Wasseypur, in contrast to the picture painted by Anurag Kashyap’s dark and blood-spattered cult films, turned out to be warm and hospitable when the Flipkart Stories team visited on a winter morning. Wherever we went we were offered tea, and talking about the movie was an easy ice-breaker. The town itself, though, is unremarkable. Unsanitary, traffic-jammed and decrepit, it is a neglected suburb of the coal capital of Dhanbad, the second-most populated city in Jharkhand. As if to prove a point, everything in Wasseypur appears to be dusted with a film of soot. Javed, the driver of our hired car, a white Suzuki Swift Dzire, went to pains to keep it clean.
The mythology surrounding Wasseypur owes itself to the 2012 Anurag Kashyap gangster flick Gangs of Wasseypur and its sequel, the cinematic styles of which are hat-tips to Hollywood icons Martin Scorsese and Quentin Tarantino. Although Kashyap’s reel-life drama of coal and blood is fictitious, it mirrors closely the saga of two feuding families of the Muslim-majority township’s dreaded coal (and later scrap-iron) mafia. The real-life Fahim Khan, who is still serving a prison sentence, became the celluloid Faisal Khan; his childhood friend-turned-foe Sabir Alam became the tinsel Fazloo; the politician-don Surajdeo Singh, now deceased, became the fearsome Ramadhir Singh. Although names were changed, way the characters were pictured left no one guessing, particularly those familiar with Wasseypur’s checkered past.
“The movie is 99 percent real,” declared Kaif Alam, a young man in his late twenties who runs a mobile store in Wasseypur. “My father used to know Fahim Khan, the real one.”
We met Kaif outside his shop in one of the dusty, littered alleys of Wasseypur. In contrast to the rest of Dhanbad, this suburb is a rabbit warren of narrow-laned mohallas characterized by squalor and flies, tangled overhead electric cables, and filthy open drains. It resembled very closely the shady locales we remembered from the movies, and we peered around uneasily.
“You’re safe here,” Kaif laughed, and then added mischievously, “In daylight!”
Not that kind of gangland
My colleague Pushpendu and I were here to meet Flipkart customers. Pushpendu had spent a month poring over customer data and making calls. Finally, we looked forward to tacking faces on those names, shaking hands and learning about their joys and pains. As for the customers, they welcomed the opportunity to talk to humans representing the familiar website and app.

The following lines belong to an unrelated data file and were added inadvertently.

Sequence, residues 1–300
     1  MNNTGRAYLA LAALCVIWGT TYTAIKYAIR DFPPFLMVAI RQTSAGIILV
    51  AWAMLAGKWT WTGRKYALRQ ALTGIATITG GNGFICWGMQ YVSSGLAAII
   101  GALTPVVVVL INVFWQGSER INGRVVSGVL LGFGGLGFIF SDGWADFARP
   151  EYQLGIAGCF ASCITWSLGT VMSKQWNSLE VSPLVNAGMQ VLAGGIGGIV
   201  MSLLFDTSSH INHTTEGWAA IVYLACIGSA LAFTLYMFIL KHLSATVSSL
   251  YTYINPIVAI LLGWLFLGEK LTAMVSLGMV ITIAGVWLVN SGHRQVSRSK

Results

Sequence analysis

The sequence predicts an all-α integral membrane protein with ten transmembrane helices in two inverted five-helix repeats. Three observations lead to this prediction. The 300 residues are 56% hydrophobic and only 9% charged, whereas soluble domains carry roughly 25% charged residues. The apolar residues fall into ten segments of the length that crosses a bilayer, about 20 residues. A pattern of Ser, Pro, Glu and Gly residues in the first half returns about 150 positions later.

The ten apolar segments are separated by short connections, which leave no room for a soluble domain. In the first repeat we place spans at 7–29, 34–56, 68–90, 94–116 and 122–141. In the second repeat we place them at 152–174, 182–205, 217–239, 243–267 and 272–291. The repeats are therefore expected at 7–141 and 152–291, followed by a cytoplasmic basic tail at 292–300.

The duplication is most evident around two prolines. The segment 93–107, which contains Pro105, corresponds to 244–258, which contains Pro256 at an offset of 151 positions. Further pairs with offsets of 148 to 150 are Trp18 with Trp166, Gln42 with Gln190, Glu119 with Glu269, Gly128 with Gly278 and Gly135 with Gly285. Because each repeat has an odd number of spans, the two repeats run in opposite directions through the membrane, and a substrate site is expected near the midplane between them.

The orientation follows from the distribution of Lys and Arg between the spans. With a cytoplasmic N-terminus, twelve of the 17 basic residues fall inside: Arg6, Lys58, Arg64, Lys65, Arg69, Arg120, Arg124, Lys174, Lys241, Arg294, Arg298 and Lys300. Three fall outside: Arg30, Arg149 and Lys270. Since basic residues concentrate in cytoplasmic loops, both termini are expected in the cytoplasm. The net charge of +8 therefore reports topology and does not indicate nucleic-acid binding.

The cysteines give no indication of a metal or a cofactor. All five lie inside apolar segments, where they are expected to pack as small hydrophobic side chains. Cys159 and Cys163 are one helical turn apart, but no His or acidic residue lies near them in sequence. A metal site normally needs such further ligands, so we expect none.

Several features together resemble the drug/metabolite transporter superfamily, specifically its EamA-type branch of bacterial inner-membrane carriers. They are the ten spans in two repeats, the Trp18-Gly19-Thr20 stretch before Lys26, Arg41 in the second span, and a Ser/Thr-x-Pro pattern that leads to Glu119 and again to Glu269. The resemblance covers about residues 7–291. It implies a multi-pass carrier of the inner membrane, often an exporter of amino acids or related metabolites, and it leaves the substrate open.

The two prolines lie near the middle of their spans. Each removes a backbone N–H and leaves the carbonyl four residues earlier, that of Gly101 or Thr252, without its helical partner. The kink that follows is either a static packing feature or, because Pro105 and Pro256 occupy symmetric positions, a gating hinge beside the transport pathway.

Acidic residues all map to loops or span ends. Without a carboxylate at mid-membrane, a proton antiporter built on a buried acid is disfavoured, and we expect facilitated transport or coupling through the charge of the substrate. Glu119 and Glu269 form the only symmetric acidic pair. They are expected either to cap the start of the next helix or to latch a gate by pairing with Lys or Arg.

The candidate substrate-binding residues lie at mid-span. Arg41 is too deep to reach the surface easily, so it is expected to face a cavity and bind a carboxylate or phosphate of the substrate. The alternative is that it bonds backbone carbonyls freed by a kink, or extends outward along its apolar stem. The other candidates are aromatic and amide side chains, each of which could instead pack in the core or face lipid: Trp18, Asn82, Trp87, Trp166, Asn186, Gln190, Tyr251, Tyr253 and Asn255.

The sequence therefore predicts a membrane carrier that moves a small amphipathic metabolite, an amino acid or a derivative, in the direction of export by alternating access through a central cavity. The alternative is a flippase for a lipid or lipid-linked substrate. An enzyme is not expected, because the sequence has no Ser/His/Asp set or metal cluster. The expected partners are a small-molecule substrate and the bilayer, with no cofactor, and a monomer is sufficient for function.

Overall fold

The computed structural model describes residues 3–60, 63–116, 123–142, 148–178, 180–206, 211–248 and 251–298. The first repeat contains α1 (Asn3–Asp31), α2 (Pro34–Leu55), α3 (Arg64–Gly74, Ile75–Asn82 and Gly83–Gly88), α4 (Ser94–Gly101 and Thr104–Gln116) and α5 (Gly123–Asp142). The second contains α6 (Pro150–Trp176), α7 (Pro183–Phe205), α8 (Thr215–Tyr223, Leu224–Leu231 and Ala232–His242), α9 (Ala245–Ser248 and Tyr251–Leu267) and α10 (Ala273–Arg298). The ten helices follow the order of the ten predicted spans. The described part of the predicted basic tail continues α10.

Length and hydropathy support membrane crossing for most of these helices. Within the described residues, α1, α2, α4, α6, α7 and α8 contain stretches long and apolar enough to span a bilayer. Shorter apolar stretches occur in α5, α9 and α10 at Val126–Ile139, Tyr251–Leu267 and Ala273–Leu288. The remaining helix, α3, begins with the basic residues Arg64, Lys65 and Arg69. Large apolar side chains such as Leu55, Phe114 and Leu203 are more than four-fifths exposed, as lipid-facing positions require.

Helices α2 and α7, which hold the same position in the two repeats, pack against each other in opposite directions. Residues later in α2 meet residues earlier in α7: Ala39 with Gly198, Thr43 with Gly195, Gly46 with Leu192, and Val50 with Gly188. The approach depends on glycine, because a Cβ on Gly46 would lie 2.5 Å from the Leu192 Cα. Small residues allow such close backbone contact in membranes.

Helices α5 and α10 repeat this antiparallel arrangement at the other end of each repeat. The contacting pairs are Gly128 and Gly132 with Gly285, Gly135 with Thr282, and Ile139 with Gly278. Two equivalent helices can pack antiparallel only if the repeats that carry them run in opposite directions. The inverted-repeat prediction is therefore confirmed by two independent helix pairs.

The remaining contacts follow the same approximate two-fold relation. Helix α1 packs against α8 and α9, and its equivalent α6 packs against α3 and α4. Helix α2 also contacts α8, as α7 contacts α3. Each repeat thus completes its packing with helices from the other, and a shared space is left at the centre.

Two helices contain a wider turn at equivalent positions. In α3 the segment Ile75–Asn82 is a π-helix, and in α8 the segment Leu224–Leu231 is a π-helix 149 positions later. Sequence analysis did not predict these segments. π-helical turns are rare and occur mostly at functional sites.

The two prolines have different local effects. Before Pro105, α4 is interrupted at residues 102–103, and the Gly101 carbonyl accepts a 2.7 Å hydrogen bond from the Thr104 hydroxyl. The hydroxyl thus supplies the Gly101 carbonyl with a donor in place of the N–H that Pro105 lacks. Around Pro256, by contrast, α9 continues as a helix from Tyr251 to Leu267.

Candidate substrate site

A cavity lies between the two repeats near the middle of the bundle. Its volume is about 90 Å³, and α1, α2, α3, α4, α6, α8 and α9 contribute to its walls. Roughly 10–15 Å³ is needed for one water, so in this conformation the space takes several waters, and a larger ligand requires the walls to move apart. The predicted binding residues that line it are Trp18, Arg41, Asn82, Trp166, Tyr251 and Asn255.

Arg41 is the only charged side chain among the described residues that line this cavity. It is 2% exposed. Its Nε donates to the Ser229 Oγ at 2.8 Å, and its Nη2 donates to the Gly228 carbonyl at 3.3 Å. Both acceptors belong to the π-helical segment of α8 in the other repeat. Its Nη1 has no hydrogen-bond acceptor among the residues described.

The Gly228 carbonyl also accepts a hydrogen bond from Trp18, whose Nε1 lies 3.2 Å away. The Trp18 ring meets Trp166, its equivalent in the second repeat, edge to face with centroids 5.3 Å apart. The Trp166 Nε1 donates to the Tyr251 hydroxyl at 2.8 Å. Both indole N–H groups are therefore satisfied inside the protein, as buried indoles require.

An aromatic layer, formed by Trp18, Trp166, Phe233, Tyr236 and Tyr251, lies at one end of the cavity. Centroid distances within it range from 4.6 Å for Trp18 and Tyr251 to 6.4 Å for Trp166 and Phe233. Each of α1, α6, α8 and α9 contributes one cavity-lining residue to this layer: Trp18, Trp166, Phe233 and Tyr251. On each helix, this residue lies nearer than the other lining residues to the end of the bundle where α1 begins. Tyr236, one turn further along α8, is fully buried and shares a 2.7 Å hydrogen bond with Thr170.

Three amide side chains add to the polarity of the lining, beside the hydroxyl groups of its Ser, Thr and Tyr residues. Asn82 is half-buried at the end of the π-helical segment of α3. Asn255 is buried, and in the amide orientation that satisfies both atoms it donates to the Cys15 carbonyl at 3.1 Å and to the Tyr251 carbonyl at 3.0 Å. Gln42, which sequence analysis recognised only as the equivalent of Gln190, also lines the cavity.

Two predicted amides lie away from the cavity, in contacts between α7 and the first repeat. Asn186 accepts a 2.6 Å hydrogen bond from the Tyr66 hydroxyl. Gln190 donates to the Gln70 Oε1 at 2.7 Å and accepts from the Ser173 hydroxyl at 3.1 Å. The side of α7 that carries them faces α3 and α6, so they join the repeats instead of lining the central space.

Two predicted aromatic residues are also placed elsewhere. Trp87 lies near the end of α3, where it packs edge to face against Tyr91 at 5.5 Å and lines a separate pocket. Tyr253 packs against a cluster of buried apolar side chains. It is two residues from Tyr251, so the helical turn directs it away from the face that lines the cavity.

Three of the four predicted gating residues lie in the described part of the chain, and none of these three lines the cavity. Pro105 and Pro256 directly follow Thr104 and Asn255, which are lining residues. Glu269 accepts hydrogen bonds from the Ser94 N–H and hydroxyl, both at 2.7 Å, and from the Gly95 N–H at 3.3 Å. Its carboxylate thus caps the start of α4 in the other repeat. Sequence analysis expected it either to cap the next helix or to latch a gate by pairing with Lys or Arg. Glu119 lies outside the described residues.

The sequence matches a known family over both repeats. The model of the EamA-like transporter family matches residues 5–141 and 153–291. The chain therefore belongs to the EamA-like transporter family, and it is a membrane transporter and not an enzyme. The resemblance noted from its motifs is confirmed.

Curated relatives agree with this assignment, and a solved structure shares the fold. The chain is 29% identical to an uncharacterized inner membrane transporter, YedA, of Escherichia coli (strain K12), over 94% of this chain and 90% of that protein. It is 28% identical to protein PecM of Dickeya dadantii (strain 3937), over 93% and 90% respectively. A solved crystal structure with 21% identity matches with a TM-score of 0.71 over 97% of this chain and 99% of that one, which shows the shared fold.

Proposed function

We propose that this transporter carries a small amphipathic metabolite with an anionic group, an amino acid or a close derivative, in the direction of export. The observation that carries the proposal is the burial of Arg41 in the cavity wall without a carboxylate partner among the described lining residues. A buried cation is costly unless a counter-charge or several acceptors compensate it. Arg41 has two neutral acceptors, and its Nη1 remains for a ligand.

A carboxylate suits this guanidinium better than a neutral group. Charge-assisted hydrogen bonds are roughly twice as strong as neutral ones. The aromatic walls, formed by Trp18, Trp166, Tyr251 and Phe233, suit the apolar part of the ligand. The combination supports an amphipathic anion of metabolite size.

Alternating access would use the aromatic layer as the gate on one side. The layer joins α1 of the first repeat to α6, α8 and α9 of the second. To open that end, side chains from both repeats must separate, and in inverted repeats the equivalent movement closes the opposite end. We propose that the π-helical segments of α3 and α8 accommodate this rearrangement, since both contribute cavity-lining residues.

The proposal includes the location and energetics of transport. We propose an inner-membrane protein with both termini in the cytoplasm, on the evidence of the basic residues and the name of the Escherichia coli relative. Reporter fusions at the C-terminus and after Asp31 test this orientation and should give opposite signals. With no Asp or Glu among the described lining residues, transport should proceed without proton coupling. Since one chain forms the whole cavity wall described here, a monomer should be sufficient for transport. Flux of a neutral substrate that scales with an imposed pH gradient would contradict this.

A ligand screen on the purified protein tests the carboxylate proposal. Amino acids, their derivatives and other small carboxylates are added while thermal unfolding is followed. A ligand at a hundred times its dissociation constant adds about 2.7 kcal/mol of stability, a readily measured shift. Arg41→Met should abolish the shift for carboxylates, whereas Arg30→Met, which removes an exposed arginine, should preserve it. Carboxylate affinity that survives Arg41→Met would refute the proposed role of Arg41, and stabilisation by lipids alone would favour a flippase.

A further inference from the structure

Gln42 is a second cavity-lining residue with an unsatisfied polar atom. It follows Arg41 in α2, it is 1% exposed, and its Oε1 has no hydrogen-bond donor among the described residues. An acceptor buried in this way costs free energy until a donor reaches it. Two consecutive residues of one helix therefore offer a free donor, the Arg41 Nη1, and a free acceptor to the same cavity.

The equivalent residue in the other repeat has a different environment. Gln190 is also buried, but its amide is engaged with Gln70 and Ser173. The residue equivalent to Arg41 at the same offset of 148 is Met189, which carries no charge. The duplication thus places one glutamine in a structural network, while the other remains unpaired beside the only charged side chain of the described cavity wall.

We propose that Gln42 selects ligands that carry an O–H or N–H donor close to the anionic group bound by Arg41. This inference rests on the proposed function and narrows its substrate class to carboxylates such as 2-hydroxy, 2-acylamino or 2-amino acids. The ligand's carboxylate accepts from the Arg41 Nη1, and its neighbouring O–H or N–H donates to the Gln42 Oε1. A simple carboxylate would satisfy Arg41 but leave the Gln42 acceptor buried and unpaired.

Our Flipkart customer was soon joined by a small party of youngsters. His friends consider Kaif, who has been using the Flipkart mobile app for over a year, something of a shopping expert. They count on his prowess with the app to place their own orders. Over time he has explored the Flipkart app inside out, including some of its now retired features such as Ping and Image Search. The strong cellular network connectivity in the area makes online shopping quite convenient.
“We do most of our shopping at night,” said Kaif, who bought a pair of Puma sneakers on Flipkart during the 2015 Big Billion Days sale. “That’s when we get some free time.”
Although he faced a few out-of-stock issues at his PIN code, he continues to shop on Flipkart as he believes that it is “the only reliable website.” The mobiles and shoes that he bought, he said, were not available in local stores.
The bounty hunter
Sipping tea again, we sat in a dark, cramped study in the house of Mohammed Imran, an architect in his late twenties. We listened as he waxed eloquent about new technologies, customer habits and, of course, the troubled history of Wasseypur. Of the last, he only says, “It’s an underworld thing. If you don’t get into it, it won’t hurt you.”
“Before there were online shopping sites, we used to buy everything we needed at local markets,” said Imran. “Dhanbad is a small town. There isn’t a great variety in what’s available here. Online sites offer so much more choice. Then there are discounts on good brand that Flipkart offers. We don’t really trust the quality of goods in the local stores here but it’s not like that with Flipkart. I know that the products I buy are 100 percent authentic and original.”
Imran’s refined diction and demeanor suggest that he has spent time away from home in a big city. He told us that he schooled in Wasseypur and went on to get a diploma in engineering from a local college before toiling hard to get himself qualified with a B.Arch degree from the Institute of Civil Engineers in New Delhi. The shelves of his small study were stacked with engineering textbooks. In his spare time, Imran offers coaching classes to students appearing for engineering entrance exams.
Soft-spoken and courteous, he comes across as an extremely astute online shopper who stays abreast of the latest trends and developments. A discerning customer, Imran is quality-conscious while being unafraid to experiment. He shops widely from a variety of online shopping sites and has been buying from Flipkart for over four years.
Oddly, for one so tech-savvy, Imran prefers shopping on the desktop site over the mobile app. “On the desktop, I can open more windows and see the images in a much bigger size,” says Imran, pointing to a large desktop monitor which has the Flipkart website open in a browser tab.
“Mere shopping ka bahut lamba list hai,” he adds with a smile. “I have a very long shopping list.” His weakness for fashion-forward brands makes Imran a regular customer on Myntra and Jabong, too, and he is always exploring the best deals.
Imran, who purchased a Lenovo tablet during the first Big Billion Day sale in 2014, did not face any issues with delivery. Although he is aware that product returns are quick and easy, he has not had occasion to use the facility.